With the news that Arseniy Yatsenyuk tendered his resignation as Ukraine’s Prime Minister, a once meteoric career has come to a crashing halt. In the U.S., Yatsenyuk gained widespread notoriety when a conversation between Assistant Secretary of State Victoria Nuland and the U.S. Ambassador in Kiev was leaked by, presumably, Russian intelligence. On it, Ms. Nuland expressed her certainty, in positively breathy tones, that “Yats” would make an ideal Prime Minister. As so, once the coup transpired in February, it came to pass.
In gaining the Premiership, Yatsenyuk made a deal with the devil, doing nothing to quell the violence that engulfed the Maidan after the Western and Russian-backed settlement agreement of February 21 was announced. Here we might pause to note that pronouncements from pro-democracy activists like Freedom House’s David Kramer and pop-philosopher Bernard-Henri Levy that Putin is entirely to blame for the violence in Ukraine, should be greeted with a healthy dose of skepticism.
After the February coup Yatsenyuk quickly threw in his lot in with the gang around the far-right Svoboda and became, quite illegitimately, prime minister. The far-right was compensated handsomely. Svoboda, whose leader Oleh Tyahnybok once voiced dissatisfaction that Ukraine was being run by a “Muscovite-Jewish mafia,” was amply rewarded, gaining the defense ministry and the prosecutor general’s office, along with two non-power ministries like Agriculture and Environment. The government promptly removed the governors of the pro-Russian eastern provinces and put a number of oligarchs in their stead. The reaction to all of this by the citizens of these provinces, and that of their rather large, influential, and, yes, bare-knuckled, neighbor to the east is now all too plain to see.
Having captured the top prize, Yatsenyuk did what any self-respecting free-riding Atlanticist would do: he dashed off to Washington for meetings with President Obama, Secretary of State John Kerry and Treasury Secretary Jacob Lew. The President, for his part, authorized a $1 billion loan guarantee (about $14 billion shy of what Vladimir Putin put on offer the previous November) and urged Russia and Ukraine to turn to diplomacy to settle their differences. That was not to be, yet the new Premier’s strenuous efforts to drag the U.S. into a war his government bears a good deal of responsibility for starting have, for the most part, come to naught.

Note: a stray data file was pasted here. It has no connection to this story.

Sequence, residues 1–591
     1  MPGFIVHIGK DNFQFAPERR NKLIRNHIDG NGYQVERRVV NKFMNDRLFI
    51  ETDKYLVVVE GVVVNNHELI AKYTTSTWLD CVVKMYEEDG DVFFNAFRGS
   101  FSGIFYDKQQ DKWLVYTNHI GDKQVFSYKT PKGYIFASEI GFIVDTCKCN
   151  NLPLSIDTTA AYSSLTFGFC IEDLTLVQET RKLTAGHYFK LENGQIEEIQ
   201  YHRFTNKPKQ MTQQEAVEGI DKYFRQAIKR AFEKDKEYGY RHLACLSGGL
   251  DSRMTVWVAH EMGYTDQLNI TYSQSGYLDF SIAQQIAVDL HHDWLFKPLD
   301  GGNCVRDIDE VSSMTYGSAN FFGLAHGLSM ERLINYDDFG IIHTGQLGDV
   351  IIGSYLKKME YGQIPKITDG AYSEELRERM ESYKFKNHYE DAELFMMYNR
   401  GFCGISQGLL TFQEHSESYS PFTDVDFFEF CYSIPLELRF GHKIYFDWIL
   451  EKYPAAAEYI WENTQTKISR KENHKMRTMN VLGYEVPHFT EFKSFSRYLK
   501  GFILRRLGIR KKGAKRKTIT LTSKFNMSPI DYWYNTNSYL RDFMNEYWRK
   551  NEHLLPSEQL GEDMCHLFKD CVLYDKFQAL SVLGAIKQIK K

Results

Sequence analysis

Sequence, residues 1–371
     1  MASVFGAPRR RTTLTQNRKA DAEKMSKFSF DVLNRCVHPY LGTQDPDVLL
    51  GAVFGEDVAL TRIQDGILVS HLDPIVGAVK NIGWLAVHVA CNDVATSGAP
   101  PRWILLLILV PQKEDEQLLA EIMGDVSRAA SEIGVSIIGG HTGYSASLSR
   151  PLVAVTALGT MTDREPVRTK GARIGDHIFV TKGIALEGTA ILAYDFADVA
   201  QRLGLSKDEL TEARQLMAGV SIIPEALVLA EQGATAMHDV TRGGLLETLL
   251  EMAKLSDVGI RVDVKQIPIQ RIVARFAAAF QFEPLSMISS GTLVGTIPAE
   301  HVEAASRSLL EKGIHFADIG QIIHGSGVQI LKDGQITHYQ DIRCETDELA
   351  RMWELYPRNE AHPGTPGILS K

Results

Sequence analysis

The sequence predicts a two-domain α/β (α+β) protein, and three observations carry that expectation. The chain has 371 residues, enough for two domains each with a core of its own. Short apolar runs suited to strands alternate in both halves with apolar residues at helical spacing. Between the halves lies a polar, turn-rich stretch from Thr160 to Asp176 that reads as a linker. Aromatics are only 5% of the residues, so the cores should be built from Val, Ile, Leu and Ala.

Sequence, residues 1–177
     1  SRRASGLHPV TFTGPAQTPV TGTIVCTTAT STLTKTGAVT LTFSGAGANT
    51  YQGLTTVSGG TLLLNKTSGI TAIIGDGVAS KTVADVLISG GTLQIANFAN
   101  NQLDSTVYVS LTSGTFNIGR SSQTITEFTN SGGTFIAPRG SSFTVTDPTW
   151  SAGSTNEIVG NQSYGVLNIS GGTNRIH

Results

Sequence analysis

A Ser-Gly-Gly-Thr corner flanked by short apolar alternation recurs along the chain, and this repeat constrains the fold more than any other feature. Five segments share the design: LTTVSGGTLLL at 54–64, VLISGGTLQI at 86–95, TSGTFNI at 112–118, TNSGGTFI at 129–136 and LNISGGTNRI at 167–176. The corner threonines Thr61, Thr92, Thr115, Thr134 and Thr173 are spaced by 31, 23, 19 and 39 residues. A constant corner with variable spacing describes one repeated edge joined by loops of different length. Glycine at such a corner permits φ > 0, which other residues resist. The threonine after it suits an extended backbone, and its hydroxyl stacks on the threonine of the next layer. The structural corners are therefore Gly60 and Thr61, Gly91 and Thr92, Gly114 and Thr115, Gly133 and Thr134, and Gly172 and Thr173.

Yatsenyuk’s economic record mirrors his diplomatic one. The month he took office the Hryvnia lost a fifth of its value, and Yatsenyuk recently announced he expects the Ukrainian economy to shrink by 3 percent in 2014. It is said that the signing of the EU-Ukraine association agreement along with the conditions of the IMF’s $17 billion loan will launch Ukraine on its predestined European trajectory. Yet, if the experiences of Russia and Argentina, (to say nothing of non-IMF mandated austerity measures in the United Kingdom) are anything to go by, Ukrainians can look forward to many years of mass unemployment, the gutting of their manufacturing and export sectors, the hollowing out of government assistance programs, higher energy bills, higher taxes, and wage freezes.
Following Petro Poroshenko’s election to the presidency in May, Yatsenyuk’s government launched an “anti-terrorist operation” which the Washington Post earnestly hoped would “finish off” the rebels. With Russia sending hardware across the border, that goal has proved elusive. So too have efforts to keep Kiev at the negotiating table: on July 1 they put an end to a 10-day ceasefire after two days of French and German-sponsored negotiations. And so the war in the east has only intensified: under Yatsenyuk’s premiership Kiev has unleashed a furious offensive, bombing, and flattening civilian centers to such an extent that last week Human Rights Watch called on Poroshenko to investigate instances where civilians may have been deliberately targeted. All of this is not endearing the regime in Kiev to its citizens in the east. As of this writing, nearly 500 civilians have been killed, scores wounded, and well over 100,000 refugees have fled to Russia in anticipation of further violence. Indeed, the government in Kiev is said to be planning a siege of Donetsk, which has a population of roughly a million people, in the coming days and weeks ahead.
And so, with Yatsenyuk’s resignation, another chapter of the Obama administration’s meddling in Ukraine has come to a close. But shed no tears for Yats. I’m fairly convinced we’ll be seeing him around town soon enough; I hear AEI is hiring.
James Carden is a TAC contributing editor, and served as an advisor to the U.S.-Russia Bilateral Presidential Commission at the State Department from 2011-2012.